EG July 9, 2011 at 6:57 pm

I’m sure the author knows what we both have seen there all too well. However, when one is ideologically inclined to reach a certain conclusion, and ox will look like a tractor, regardless of the fact that it has no wheels.

Dan J July 9, 2011 at 7:39 pm

Peeing into troughs that lead outside and into small canals that run alongside the street. By night fall any open space such as a park or field will soon be inhabited by as many people who can fit, and their little space of property is a blanket or other piece of material to sleep on for the night. The very same area is used as the restroom by others during the day.
Just in behind the shopfront, would be another dirt floored room where chicken and fish are prepared for marketplace. The cleaning of the animals is done on the floor along with the remains of the other animals cleaned.
Yet, Thomas Friedman would continuously write of the marvels to be had by centrally organized society…… Much like the buffoons in the thirties who exclaimed about the amazing structure of Russia, in which FDR looked to emulate in regards to some of his policies.

muirgeo July 9, 2011 at 7:02 pm

OK … another up is down, left is right and ten is five post.

“It has grown because of privatization and the freeing of markets – decentralization of decision-making authority…”

What? Herbold’s article very clearly shows that the Chinese society and economy is specifically centrally planned. They have a five year plan….do you not see the word PLAN in there?. That’s NOT decentralization.

They have capitalism with good planning… we have capitalism with bad planning and we our getting a butt-kicking. Our bad planning is mostly a result of the silly idea of libertarians NOT TO PLAN… and allow disorder to emerge. There is a lesson in there somewhere… but no doubt it has no chance of penetrating the reality averse lead walled blinders of ideologues.

Again… does reality matter to you guys? Do you really believe you can say that China has decentralized government and that because you say so it makes it true? Seriously… the real word does NOT work that way. I see the responses above and I have to believe this place borders on cult… there’s a near absence of free thinking….

Please post all you ad homs here:


ArrowSmith July 9, 2011 at 7:25 pm

Hey muirbot – are you willing to accept the severe environmental degradation of China to have “5 year plans”? Are you THAT in love with statism?

Gil July 9, 2011 at 11:18 pm

Oh noes! Why would you put the “environment” in front of Chinese peoples’ growth you horrid Greenie?

MWG July 9, 2011 at 8:00 pm

You understanding of China is as bad as your understanding of basic economics.

muirgeo July 10, 2011 at 2:47 am


MWG July 9, 2011 at 8:04 pm

“They have capitalism with good planning… ”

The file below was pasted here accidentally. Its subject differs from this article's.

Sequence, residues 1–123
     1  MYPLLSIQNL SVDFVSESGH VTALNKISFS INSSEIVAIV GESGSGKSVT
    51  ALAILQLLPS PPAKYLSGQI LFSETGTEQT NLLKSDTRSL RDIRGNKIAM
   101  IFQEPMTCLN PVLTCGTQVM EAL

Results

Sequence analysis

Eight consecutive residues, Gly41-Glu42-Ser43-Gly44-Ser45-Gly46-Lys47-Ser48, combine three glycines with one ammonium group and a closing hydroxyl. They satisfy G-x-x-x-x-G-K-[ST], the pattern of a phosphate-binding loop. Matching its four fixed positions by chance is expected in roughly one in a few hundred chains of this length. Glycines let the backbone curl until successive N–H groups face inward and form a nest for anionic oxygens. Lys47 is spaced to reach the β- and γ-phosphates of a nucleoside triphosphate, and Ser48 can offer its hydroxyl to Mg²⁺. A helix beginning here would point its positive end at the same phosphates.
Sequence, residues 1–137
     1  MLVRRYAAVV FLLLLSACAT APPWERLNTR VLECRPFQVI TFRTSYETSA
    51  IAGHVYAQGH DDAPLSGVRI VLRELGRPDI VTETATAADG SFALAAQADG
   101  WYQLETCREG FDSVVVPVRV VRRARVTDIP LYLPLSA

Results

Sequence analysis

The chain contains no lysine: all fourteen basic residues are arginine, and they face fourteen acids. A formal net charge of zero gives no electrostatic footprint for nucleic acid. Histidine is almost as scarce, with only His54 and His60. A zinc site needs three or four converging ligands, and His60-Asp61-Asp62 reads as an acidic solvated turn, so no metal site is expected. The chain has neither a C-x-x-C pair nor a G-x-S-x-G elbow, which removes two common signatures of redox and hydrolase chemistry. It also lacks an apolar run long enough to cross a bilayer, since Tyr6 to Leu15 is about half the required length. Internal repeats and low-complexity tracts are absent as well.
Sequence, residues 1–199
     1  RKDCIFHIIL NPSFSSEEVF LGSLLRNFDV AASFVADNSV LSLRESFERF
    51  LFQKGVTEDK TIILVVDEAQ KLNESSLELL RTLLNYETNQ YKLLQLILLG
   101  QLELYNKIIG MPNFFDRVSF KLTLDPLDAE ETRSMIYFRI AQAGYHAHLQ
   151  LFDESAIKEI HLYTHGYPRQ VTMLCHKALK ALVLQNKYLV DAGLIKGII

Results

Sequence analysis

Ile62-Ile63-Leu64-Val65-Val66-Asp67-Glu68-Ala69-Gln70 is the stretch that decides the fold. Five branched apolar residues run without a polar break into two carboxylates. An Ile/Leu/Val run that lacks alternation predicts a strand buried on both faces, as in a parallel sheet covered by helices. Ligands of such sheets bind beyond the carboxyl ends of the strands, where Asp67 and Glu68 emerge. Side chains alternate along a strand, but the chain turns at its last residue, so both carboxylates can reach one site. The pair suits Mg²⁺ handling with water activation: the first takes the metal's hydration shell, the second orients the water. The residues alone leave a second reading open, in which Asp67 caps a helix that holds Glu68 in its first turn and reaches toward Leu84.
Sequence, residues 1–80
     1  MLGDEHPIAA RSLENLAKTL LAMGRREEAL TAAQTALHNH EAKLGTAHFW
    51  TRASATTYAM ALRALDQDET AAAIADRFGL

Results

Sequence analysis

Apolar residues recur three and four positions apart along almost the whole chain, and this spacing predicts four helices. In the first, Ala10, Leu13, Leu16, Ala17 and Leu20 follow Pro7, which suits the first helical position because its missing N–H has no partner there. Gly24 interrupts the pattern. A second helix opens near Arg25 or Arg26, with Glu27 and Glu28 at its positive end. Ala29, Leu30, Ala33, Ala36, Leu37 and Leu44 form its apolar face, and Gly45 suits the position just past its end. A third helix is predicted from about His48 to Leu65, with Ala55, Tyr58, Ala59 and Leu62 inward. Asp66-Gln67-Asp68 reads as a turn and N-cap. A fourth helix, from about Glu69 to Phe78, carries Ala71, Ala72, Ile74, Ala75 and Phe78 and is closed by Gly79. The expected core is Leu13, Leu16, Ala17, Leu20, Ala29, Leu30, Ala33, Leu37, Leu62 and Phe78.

I have to laugh a little at this. Almost daily you lament the fact we trade with the ‘Chinese communists’ who are merely employing ‘slaves’ to produce cheap crap. NOW, they’re capitalists with ‘good planning’.

You’re an idiot.

EG July 9, 2011 at 8:11 pm

Your reading comprehension skills seem to be as good as your medical skills.

Ghengis Khak July 9, 2011 at 9:47 pm

Part of Don’s post — “During the first half of the 60-year period governed by the five-year plans that Mr. Herbold so admires, not only did Mao’s policies trap hundreds of millions of Chinese people in dire poverty, the Chinese government slaughtered or starved to death between 49 and 77 million of its own citizens.”

Even supposing that China is giving us a “butt-kicking” as you say. Which, as an aside, is pretty awesome considering how often you go on about the slave wages their workers get paid over there and hence the need for protectionism. How you can claim to hold both of these viewpoints baffles me. But I digress.

So suppose the Chinese have these 5 year plans and that for the past 20 years they’ve been going well. What happens when their next leader isn’t as smart or well-intentioned? Do you understand that when someone has the power to force everyone to follow their 5 year plan, and they fuck up, that you can and often do get results similar in nature (if not in magnitude) to the Mao regime?

I guess your willingness to look past something like 70 million dead Chinese just to see your vision of a centrally-managed state explains how you can look past the analogous, but obviously less severe, problems of rent-seeking and police state crackdown that come from too much authority being imbued to government here in the United States.

muirgeo July 9, 2011 at 10:00 pm

“So suppose the Chinese have these 5 year plans and that for the past 20 years they’ve been going well. What happens when their next leader isn’t as smart or well-intentioned?”

That’s why I do not support communist China and why I advocate people lead democracy. No inconsistencies on my part. Oh and indeed I am for well regulated and well planned capitalism.

The key point here is that we DO know how to plan capitalism… we DO NOT know the best way to get the good planners in place… or in other words the best way to organize society and politics and government. That is the hard part that you guys want to ignore.

The libertarian idea of an unplanned society is stupid and debunked. Economics is not that hard and Hayek Use of Knowledge essay is really not that impressive.

Gil July 9, 2011 at 11:20 pm

If you’re not Libertarian then you’re a filthy Commie, duh!

Harrison Nguyen July 10, 2011 at 1:18 am

“The key point here is that we DO know how to plan capitalism”
Oh really?! Can you tell me how many bars of soap we will produce in the next 5 years? At what price? And do we really need soap at all?

muirgeo July 10, 2011 at 2:59 am

As many as the market demands… no one is running the markets only making the rules consistent and fair. However it is likely such a society WILL need more bars of soap than an inefficient libertarian market that is wasteful and not as productive… leaving people dirtier with more need for soap but insufficient wages to demand more of what they need even when no scarcity exist.